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Originally a public domain film from the US Navy, slightly cropped to remove uneven edges, with the aspect ratio corrected, and one-pass brightness-contrast-color correction & mild video noise reduction applied.
The soundtrack was also processed with volume normalization, noise reduction, clipping reduction, and/or equalization (the resulting sound, though not perfect, is far less noisy than the original).
A dogfight, or dog fight, is an aerial battle between fighter aircraft conducted at close range. Dogfighting first occurred in Mexico in 1913, shortly after the invention of the airplane. Until at least 1992, it was a component in every major war, despite beliefs after World War II that increasingly greater speeds and longer-range weapons would make dogfighting obsolete.
Modern terminology for air-to-air combat is air combat maneuvering (ACM), which refers to tactical situations requiring the use of individual basic fighter maneuvers (BFM) to attack or evade one or more opponents. This differs from aerial warfare, which deals with the strategy involved in planning and executing various missions…
During the 1930s two different streams of thought about air-to-air combat began to emerge, resulting in two different streams of monoplane fighter development. In Japan and Italy especially, there continued to be a strong belief that lightly armed, highly maneuverable single seat fighters would still play a primary role in air-to-air combat. Aircraft such as the Nakajima Ki-27 and Nakajima Ki-43 and the Mitsubishi A6M Zero in Japan, and the Fiat G.50 and Macchi C.200 in Italy epitomised a generation of monoplanes designed to this concept.
The other stream of thought, which emerged primarily in Britain, Germany, the Soviet Union and the United States was the belief the high speeds of modern combat aircraft and the g-forces imposed by aerial combat meant that dogfighting in the classic WW I sense would be impossible. Fighters such as the Messerschmitt Bf 109, the Supermarine Spitfire, the Yakovlev Yak-1 and the Curtiss P-40 were all designed for high level speeds and a good rate of climb. Good maneuverability was not a primary objective.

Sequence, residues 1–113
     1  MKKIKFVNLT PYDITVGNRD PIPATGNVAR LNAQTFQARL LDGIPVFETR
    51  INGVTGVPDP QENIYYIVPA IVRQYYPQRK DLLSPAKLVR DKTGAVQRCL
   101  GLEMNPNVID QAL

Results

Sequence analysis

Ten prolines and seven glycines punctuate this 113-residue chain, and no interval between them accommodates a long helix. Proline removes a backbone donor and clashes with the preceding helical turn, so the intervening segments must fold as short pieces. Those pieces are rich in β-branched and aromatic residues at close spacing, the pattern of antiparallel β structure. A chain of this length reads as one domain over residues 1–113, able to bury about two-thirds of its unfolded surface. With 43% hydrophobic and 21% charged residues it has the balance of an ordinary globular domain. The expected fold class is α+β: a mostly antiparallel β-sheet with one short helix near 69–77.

Immediately following the Spanish civil war came World War II, during which dogfighting was most prevalent. It was widely believed that strategic bombing alone was synonymous with air power; a fallacy that would not be fully understood until Vietnam. After the failings in Spain, a greater emphasis was placed on the accuracy of air-to-ground attacks. The need to stop bombers from reaching their targets, or to protect them on their missions, was the primary purpose for most dogfights of the era.
Dogfighting over Europe
Dogfighting was very prominent in the skies over Europe. The air force in France, while a major force during World War I, was inadequate and poorly organized, and quickly fell to the German onslaught. As the first battles between the Germans and the British began, the power of the German’s anti-aircraft artillery became readily apparent, with 88 millimeter shells capable of firing 40,000 feet (12,000 m) in the air. General Wolfram von Richthofen noted that these guns were equally destructive when used for ground fire. Adolph Malan compiled a list of aerial combat rules that were widely taught to RAF pilots. The German Bf 109 and the British Spitfire were some of the most common fighters used in the European theater…